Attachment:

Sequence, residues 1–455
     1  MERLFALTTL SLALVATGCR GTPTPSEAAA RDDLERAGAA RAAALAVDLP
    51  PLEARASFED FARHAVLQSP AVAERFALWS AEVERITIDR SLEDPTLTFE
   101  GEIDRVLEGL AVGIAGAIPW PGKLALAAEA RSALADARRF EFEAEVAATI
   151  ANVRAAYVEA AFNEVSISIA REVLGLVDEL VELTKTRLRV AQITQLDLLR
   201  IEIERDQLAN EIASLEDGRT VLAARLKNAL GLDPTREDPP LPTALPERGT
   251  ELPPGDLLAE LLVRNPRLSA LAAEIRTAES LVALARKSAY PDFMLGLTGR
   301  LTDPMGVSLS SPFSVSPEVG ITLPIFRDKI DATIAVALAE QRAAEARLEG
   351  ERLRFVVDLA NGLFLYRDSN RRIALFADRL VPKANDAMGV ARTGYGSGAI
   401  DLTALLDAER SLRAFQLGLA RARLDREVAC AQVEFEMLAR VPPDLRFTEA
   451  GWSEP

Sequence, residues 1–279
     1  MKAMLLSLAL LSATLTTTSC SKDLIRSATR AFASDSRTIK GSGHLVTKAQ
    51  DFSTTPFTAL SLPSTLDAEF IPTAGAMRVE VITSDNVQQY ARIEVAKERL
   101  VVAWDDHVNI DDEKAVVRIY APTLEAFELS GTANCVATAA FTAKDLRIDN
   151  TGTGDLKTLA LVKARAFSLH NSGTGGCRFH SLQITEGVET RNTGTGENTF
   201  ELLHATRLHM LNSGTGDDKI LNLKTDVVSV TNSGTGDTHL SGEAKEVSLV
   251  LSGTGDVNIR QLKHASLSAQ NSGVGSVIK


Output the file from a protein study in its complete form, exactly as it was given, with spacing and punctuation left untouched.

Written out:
Sequence, residues 1–455
     1  MERLFALTTL SLALVATGCR GTPTPSEAAA RDDLERAGAA RAAALAVDLP
    51  PLEARASFED FARHAVLQSP AVAERFALWS AEVERITIDR SLEDPTLTFE
   101  GEIDRVLEGL AVGIAGAIPW PGKLALAAEA RSALADARRF EFEAEVAATI
   151  ANVRAAYVEA AFNEVSISIA REVLGLVDEL VELTKTRLRV AQITQLDLLR
   201  IEIERDQLAN EIASLEDGRT VLAARLKNAL GLDPTREDPP LPTALPERGT
   251  ELPPGDLLAE LLVRNPRLSA LAAEIRTAES LVALARKSAY PDFMLGLTGR
   301  LTDPMGVSLS SPFSVSPEVG ITLPIFRDKI DATIAVALAE QRAAEARLEG
   351  ERLRFVVDLA NGLFLYRDSN RRIALFADRL VPKANDAMGV ARTGYGSGAI
   401  DLTALLDAER SLRAFQLGLA RARLDREVAC AQVEFEMLAR VPPDLRFTEA
   451  GWSEP

Sequence, residues 1–279
     1  MKAMLLSLAL LSATLTTTSC SKDLIRSATR AFASDSRTIK GSGHLVTKAQ
    51  DFSTTPFTAL SLPSTLDAEF IPTAGAMRVE VITSDNVQQY ARIEVAKERL
   101  VVAWDDHVNI DDEKAVVRIY APTLEAFELS GTANCVATAA FTAKDLRIDN
   151  TGTGDLKTLA LVKARAFSLH NSGTGGCRFH SLQITEGVET RNTGTGENTF
   201  ELLHATRLHM LNSGTGDDKI LNLKTDVVSV TNSGTGDTHL SGEAKEVSLV
   251  LSGTGDVNIR QLKHASLSAQ NSGVGSVIK